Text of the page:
Gene that influences women's body shape and diabetes risk

As with most studies of this type, the effect on diabetes risk was modest, though statistically significant. 

New York: Researchers have identified a genetic variant that regulates hundreds of genes that govern how and where women's bodies store fat, which affects their risk of developing Type-2 diabetes.

The variant is located near the KLF14 gene, which encodes a protein that directly regulates the expression of hundreds of other genes in fat tissue. 

Specifically, the researchers found that different alleles, or versions, of the variant cause fat-storing cells to function differently. 

"Previous studies have shown that on average, women who carry fat in their hips -- those with a 'pear-shaped' body type -- are significantly less likely to develop diabetes than those with smaller hips,” said study lead author Kerrin Small King's College London.

"Looking at the variant we studied, large-scale genome-wide association studies show that women with one allele tend to have larger hips than women with the other one, which would have a protective effect against diabetes," she said.

KLF14 is maternally imprinted, which means that a person's expression of KLF14 and the resulting effects on fat tissue are determined by the version of the gene inherited from his or her mother -- the father's allele does not affect levels of this regulatory protein.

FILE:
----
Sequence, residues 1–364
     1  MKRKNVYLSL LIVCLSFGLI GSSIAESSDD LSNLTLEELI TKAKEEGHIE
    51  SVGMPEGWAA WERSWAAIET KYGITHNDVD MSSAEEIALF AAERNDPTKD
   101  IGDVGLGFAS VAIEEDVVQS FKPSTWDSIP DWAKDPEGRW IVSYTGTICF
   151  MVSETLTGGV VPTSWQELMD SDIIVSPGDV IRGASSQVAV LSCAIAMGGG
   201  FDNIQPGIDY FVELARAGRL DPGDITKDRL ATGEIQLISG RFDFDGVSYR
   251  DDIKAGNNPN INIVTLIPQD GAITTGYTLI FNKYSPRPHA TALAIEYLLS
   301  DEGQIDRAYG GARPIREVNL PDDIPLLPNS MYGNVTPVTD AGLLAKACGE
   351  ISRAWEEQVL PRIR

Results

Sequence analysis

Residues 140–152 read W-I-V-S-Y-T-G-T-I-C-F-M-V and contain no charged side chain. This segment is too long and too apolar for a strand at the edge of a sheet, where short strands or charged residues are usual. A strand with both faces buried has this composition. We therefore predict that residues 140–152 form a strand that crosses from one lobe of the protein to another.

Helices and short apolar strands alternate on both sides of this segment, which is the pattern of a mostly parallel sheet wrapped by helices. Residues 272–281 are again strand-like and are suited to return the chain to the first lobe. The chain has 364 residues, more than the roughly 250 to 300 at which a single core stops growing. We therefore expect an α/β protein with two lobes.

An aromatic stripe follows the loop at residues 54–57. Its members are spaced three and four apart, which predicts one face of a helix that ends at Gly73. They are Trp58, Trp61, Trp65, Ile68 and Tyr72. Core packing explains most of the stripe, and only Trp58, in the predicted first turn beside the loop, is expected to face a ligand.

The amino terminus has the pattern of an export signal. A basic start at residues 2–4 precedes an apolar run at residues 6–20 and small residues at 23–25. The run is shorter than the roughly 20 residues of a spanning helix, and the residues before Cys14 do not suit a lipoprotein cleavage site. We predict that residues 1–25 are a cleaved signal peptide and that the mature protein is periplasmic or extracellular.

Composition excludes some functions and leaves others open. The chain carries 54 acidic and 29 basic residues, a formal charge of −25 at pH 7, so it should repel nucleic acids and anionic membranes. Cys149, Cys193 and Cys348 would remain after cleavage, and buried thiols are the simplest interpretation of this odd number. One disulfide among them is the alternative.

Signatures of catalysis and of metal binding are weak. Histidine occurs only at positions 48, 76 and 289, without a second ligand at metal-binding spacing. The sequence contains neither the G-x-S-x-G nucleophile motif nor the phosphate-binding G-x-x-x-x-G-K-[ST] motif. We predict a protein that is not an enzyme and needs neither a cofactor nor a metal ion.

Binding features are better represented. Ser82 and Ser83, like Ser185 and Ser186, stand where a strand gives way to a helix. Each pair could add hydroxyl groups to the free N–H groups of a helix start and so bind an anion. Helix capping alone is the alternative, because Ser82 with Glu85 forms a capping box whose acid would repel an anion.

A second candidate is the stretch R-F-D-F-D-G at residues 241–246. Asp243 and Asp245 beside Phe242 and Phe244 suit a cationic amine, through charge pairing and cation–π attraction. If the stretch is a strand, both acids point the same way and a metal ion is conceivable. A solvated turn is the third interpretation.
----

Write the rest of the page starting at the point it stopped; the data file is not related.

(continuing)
Researchers first identified the relationship between the variant near KLF14 and Type-2 diabetes risk in a large, genome-wide association study of a broad population. 

As with most studies of this type, the effect on diabetes risk was modest, though statistically significant. 

However, when Small and her colleagues focused on a more specific population, women who inherited the allele from their mothers, the effect size grew.

"These findings have important implications as we move toward more personalized approaches to disease detection and treatment," Small said. 

"If we can identify the genes and protein products involved in diabetes risk, even for a subset of people, we may be able to develop effective treatment and prevention approaches tailored to people in that group," she pointed out.

The findings were presented at the American Society of Human Genetics (ASHG) 2015 annual meeting in Baltimore, Maryland.

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